The watercraft are rented out all day long to the general public so expect them to all be wet. Some kids, like mine, are more sensitive to this and it affected the overall experience. Kayak paddles also drip as you paddle. If it's hot enough, just put the kids in swimsuits and bring dry clothes. Mainly prep your kids ahead that they shouldn't expect to stay dry.
There is no minimum age requirement for boat rentals as long as a parent or guardian signs the liability waiver. This means kids can be on their own stand-up paddleboards as long as they’re accompanied by an adult.
There is a minimum weight limit on life jackets that REI provides: 35 pounds. If your child weighs less than that, you'll need to bring your own. Target sells life jackets for about $30. (One kink being worked out when we visited: There weren't enough life vests for small children. The staff assured us more were being ordered.)
We lucked out with finding a parking spot right in front of the new boathouse. But parking at Meydenbauer Bay Park is limited and on busy weekends, cars are lined up uphill from the park all along Lake Washington Blvd. The staff person we made our phone reservation with also warned us to arrive at least 15 minutes early to scout out parking.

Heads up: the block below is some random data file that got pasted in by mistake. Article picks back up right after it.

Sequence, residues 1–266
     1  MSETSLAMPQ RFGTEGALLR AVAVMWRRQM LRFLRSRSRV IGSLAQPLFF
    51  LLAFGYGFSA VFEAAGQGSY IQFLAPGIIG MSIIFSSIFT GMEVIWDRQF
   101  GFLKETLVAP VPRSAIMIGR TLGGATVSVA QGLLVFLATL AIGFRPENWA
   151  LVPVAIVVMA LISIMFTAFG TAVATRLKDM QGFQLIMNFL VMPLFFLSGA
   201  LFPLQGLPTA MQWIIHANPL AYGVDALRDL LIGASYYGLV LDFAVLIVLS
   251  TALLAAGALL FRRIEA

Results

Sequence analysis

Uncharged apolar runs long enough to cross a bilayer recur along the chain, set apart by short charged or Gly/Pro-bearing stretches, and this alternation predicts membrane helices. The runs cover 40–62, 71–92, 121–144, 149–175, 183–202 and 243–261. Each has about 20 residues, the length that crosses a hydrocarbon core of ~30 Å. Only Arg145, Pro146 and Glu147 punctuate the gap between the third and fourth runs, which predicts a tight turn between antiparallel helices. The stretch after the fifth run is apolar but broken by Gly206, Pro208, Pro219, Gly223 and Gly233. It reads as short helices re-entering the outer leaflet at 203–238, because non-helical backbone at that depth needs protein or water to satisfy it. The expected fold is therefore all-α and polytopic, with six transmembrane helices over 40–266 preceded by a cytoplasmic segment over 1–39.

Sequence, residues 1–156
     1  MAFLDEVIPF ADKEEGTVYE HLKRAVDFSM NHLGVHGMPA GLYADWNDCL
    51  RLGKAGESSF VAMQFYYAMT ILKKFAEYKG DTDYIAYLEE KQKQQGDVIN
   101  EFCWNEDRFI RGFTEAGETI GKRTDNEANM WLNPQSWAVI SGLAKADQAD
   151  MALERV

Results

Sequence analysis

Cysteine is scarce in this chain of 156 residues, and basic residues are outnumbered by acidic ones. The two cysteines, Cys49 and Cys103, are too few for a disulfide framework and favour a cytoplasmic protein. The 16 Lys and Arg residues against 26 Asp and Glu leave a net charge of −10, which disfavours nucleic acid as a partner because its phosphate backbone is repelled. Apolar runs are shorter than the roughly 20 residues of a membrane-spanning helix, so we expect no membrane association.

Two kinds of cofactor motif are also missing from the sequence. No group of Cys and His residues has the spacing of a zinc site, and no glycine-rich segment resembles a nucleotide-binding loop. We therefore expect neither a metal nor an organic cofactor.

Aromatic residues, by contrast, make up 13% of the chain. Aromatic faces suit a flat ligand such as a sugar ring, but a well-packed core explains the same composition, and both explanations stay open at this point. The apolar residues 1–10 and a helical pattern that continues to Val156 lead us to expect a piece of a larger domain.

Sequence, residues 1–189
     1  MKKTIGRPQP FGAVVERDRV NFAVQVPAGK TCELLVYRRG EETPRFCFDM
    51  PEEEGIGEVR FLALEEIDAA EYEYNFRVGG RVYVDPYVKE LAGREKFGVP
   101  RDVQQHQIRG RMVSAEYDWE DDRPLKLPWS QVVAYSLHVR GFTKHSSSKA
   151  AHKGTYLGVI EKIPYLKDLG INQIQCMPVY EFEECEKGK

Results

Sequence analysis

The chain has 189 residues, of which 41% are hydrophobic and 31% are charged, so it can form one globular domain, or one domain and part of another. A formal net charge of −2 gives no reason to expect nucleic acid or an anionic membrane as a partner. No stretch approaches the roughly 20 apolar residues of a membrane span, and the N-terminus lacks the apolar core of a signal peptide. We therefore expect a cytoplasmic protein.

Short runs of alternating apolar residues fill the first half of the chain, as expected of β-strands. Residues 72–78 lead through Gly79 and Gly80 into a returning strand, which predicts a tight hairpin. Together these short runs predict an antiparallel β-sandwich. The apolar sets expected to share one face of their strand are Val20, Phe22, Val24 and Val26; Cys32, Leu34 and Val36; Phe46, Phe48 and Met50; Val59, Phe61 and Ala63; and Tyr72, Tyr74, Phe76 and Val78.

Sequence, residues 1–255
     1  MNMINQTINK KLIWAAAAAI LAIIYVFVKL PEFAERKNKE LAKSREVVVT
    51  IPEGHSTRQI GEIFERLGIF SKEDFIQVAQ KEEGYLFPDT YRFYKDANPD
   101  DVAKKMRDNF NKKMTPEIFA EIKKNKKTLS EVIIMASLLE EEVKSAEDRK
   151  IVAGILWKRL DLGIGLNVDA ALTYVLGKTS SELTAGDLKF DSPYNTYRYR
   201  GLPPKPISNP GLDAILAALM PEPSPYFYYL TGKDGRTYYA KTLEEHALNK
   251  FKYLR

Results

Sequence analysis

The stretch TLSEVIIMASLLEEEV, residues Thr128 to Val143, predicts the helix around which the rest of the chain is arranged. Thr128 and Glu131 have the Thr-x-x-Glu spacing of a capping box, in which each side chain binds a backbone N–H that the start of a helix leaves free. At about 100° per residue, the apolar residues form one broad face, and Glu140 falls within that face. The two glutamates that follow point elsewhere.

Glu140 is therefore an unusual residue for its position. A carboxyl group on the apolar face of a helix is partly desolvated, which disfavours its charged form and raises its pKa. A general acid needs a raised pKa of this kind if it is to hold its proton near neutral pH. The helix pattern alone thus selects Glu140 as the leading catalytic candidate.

If you go...
Summer hours: Both boathouses are open Wednesday–Sunday, 9 a.m.–6 p.m. (check website for holiday hours and year-round schedule)
Rates: Single kayaks and stand-up paddleboards cost $25 per hour for REI members and $30 per hour for the general public. Canoes and tandem (2-person) kayaks cost $35 per hour for REI members and $40 for the general public. Longer rental periods are available.
Reservations: Contact the Enatai boathouse at 425-902-9508; contact the Meydenbauer Bay boathouse at 425-902-9045
Classes: REI offers a variety of classes at both locations, in addition to rentals. There are minimum age requirements of 13 or 14 years old, depending on which type of class. Visit either the Enatai Beach Boathouse or Meydenbauer Bay Boathouse for more information including rates, schedules and activities offered.